The UK, on the other hand, will be knocked for six. Brexit has always been first and foremost a Libertarian project: small state, low tax, small-to-zero public services, privatised NHS, low-to-zero worker/consumer rights and low-to-zero environmental protections. Leavers tend to see Brexit as an end in its own right, but just about all the politicians behind it, whose wet dream it has been for years and years, have far bigger ambitions: with the exception of our bizarrely anti-EU leader of the ‘Opposition’, they have all at various times advocated ‘solutions’ for the UK that would be entirely at home in the US Tea Party. Brexit would not be the end: it would just be the beginning. The beginning of the systematic dismantling of community in Britain. It wasn’t sold on that prospectus, obviously. The great, cynical, irony was that it was sold as a means of supporting the NHS and making life better for those who had been cruelly left behind or deliberately excluded by the austerity politics of the last decade. Whereas in reality it would be the final nail in the coffin of a state that gives a damn about its citizens. Brexit: a deception wrapped in a fraud wrapped in a whole sodding myriad of lies.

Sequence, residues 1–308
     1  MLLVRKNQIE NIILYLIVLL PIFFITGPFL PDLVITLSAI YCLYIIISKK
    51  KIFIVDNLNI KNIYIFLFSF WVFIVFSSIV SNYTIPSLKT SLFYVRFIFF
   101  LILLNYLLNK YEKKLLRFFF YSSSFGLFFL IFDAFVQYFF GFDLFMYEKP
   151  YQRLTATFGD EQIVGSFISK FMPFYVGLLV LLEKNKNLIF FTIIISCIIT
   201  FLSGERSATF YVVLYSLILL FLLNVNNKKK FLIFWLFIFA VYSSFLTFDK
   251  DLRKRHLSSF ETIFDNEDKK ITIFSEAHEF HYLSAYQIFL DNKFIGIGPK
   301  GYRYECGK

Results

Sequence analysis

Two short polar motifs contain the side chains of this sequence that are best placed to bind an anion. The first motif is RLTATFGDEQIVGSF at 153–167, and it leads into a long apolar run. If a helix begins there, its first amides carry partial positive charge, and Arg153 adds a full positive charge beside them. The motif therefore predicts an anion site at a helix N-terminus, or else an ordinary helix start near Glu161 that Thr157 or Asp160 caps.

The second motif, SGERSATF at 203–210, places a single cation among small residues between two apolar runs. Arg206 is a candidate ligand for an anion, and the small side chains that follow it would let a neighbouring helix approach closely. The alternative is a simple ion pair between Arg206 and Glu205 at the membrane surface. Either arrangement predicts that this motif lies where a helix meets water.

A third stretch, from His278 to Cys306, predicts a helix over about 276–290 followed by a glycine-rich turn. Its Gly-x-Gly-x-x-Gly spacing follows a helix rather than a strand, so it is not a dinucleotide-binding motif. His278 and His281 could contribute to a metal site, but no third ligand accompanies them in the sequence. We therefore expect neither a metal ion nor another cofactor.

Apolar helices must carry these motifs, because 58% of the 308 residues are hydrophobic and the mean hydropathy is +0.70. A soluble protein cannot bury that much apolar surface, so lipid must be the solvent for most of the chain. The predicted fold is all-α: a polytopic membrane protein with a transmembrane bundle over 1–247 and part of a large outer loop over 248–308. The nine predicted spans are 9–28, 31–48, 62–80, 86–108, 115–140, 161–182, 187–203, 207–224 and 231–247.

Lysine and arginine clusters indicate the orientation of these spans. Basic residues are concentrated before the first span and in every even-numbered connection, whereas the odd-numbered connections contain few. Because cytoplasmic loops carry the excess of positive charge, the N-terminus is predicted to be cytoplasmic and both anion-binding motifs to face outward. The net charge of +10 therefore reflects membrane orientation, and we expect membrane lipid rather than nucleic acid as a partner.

But it hasn’t happened yet. There are signs that our MPs are beginning to wake up to their responsibilities. At the very least, there’s a reasonable hope that a No Deal Brexit will be avoided – thanks to Parliament, NOT the UK government – even though No Deal is the legal default if nothing else is agreed in the meantime. But a People’s Vote is clearly in the air now, and with Parliament and Government and even the Cabinet itself at a complete and utter impasse, putting it back to the electorate is the obvious way forward.

    I am still deeply worried, there is still masses of scope for everything to go horribly wrong, but I am not yet despairing: there is still hope. We shouldn’t have to ‘hope’, though. We shouldn’t have to ‘hope’ that the government of a country like the UK won’t deliberately inflict enormous economic and social harm on us. The whole situation is lunacy on a grand scale. But still: I do hope. Report abuse

  • Marco, 150
    You ask:   I just wonder how the US electorate would react to a potential president or VP called “Castro”!